Man, college kids today have it so hard. I mean, having to go without the experience of crab lice wasn’t tragic enough, now technology is screwing them in that they’ll probably no longer be able to Cliffs Notes their way to a degree. Suck to be you, college kids.
Several Texas A&M professors know something that generations of teachers could only hope to guess: whether students are reading their textbooks.
They know when students are skipping pages, failing to highlight significant passages, not bothering to take notes — or simply not opening the book at all.
The faculty members here are neither clairvoyant nor peering over shoulders. They, along with colleagues at eight other colleges, are testing technology from a Silicon Valley start-up, CourseSmart, that allows them to track their students’ progress with digital textbooks.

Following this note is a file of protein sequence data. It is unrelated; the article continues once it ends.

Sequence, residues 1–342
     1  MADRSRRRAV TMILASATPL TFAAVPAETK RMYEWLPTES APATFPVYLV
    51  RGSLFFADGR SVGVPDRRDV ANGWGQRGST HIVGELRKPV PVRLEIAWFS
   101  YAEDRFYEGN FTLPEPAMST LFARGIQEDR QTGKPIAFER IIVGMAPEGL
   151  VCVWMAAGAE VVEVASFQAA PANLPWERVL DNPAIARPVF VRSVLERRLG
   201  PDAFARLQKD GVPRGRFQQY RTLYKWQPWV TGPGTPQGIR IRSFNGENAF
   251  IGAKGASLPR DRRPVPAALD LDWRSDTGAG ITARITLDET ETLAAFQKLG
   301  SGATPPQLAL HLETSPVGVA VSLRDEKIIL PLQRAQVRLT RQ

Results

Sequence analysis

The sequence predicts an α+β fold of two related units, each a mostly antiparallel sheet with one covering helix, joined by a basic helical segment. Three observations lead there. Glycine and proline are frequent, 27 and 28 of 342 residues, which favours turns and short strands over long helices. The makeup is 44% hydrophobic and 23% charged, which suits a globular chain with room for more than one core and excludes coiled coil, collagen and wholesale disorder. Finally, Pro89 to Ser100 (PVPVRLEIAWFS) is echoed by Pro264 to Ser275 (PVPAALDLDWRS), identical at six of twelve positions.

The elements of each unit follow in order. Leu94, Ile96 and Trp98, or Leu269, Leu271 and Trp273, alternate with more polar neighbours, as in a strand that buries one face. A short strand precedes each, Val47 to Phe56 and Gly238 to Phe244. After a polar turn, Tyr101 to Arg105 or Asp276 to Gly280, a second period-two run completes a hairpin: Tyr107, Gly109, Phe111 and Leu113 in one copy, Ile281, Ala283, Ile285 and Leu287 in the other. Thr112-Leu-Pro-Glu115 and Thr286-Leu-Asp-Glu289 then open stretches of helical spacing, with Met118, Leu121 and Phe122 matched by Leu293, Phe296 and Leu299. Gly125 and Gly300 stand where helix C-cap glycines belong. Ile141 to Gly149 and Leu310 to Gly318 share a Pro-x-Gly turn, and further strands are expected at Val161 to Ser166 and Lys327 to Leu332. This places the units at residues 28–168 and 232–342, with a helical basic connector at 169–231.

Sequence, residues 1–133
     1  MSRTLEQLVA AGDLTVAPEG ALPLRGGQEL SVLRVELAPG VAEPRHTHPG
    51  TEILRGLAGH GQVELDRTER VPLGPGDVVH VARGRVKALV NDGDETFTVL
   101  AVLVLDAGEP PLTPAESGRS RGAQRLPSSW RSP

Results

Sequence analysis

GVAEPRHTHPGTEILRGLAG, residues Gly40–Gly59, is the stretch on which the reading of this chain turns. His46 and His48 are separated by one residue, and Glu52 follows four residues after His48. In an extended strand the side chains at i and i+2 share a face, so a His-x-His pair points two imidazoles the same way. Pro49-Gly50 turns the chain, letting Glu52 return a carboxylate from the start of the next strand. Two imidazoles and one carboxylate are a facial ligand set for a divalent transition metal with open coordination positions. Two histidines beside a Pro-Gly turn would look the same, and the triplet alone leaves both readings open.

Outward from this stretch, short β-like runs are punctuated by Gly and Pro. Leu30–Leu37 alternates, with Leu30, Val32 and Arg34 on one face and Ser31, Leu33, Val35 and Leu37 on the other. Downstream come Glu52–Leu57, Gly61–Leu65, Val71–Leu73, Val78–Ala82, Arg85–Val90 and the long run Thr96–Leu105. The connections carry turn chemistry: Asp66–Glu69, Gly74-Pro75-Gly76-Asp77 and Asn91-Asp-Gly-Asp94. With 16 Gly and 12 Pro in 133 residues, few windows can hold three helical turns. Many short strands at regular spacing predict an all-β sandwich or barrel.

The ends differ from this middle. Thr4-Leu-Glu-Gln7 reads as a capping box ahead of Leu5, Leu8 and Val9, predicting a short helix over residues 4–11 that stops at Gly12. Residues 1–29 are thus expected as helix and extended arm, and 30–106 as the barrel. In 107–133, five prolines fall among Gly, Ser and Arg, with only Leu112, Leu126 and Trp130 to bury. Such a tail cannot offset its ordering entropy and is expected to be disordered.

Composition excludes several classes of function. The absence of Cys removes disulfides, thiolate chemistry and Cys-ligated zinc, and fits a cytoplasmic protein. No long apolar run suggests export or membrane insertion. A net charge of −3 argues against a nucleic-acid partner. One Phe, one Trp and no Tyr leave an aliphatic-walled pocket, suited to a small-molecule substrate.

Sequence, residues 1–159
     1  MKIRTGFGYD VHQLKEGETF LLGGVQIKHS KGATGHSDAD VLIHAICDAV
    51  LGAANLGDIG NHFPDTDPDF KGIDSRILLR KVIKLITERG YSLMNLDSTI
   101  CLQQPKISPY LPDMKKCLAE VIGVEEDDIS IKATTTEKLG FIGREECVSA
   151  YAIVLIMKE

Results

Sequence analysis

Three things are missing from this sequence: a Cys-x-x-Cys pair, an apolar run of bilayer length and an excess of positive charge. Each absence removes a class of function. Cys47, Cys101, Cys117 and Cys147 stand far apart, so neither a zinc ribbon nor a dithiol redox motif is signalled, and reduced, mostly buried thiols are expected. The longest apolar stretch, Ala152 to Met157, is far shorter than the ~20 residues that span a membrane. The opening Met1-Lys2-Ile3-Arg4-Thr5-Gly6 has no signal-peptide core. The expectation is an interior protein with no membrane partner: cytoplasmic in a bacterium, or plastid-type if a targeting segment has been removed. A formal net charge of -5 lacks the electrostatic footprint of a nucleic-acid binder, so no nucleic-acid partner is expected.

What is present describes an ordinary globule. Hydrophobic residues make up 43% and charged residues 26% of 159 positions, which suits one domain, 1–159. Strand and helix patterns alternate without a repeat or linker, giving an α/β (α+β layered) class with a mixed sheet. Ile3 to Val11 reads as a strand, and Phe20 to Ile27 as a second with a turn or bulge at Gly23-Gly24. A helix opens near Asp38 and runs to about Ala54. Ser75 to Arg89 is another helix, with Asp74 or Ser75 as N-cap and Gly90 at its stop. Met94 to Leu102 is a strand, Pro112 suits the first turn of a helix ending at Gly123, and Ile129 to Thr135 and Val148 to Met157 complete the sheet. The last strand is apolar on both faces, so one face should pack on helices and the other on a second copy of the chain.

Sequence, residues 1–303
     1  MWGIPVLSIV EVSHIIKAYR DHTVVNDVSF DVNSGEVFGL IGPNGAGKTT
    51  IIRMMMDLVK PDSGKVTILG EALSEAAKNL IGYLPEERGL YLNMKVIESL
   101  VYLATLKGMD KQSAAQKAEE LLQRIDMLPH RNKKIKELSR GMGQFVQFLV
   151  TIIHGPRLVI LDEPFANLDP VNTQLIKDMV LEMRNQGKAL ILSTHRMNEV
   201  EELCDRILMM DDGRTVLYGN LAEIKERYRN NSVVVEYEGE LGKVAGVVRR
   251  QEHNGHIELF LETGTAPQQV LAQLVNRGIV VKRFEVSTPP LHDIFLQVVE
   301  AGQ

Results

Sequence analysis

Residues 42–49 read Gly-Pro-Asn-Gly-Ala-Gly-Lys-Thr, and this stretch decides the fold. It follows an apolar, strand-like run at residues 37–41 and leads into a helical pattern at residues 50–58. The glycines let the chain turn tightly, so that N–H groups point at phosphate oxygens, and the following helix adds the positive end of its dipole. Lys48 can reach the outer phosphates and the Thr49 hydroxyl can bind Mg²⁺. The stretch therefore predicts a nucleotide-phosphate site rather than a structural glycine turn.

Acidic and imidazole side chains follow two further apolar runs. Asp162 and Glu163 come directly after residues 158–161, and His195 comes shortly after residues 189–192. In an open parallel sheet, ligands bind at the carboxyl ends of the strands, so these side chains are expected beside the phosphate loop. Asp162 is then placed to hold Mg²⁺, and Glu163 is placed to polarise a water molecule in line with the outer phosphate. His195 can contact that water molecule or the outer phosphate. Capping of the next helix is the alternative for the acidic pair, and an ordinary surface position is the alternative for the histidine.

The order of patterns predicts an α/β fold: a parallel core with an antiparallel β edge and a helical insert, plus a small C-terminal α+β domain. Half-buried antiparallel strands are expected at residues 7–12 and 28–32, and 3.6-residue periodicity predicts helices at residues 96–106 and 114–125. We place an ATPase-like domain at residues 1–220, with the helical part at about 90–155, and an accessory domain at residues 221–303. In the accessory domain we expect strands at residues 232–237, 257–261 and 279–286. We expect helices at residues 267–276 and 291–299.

Major publishers in higher education have already been collecting data from millions of students who use their digital materials. But CourseSmart goes further by individually packaging for each professor information on all the students in a class — a bold effort that is already beginning to affect how teachers present material and how students respond to it, even as critics question how well it measures learning. The plan is to introduce the program broadly this fall.
If I ever write a memoir on my college years I’m going to title it “Cliffs Notes and Crabs.” Automatic bestselling!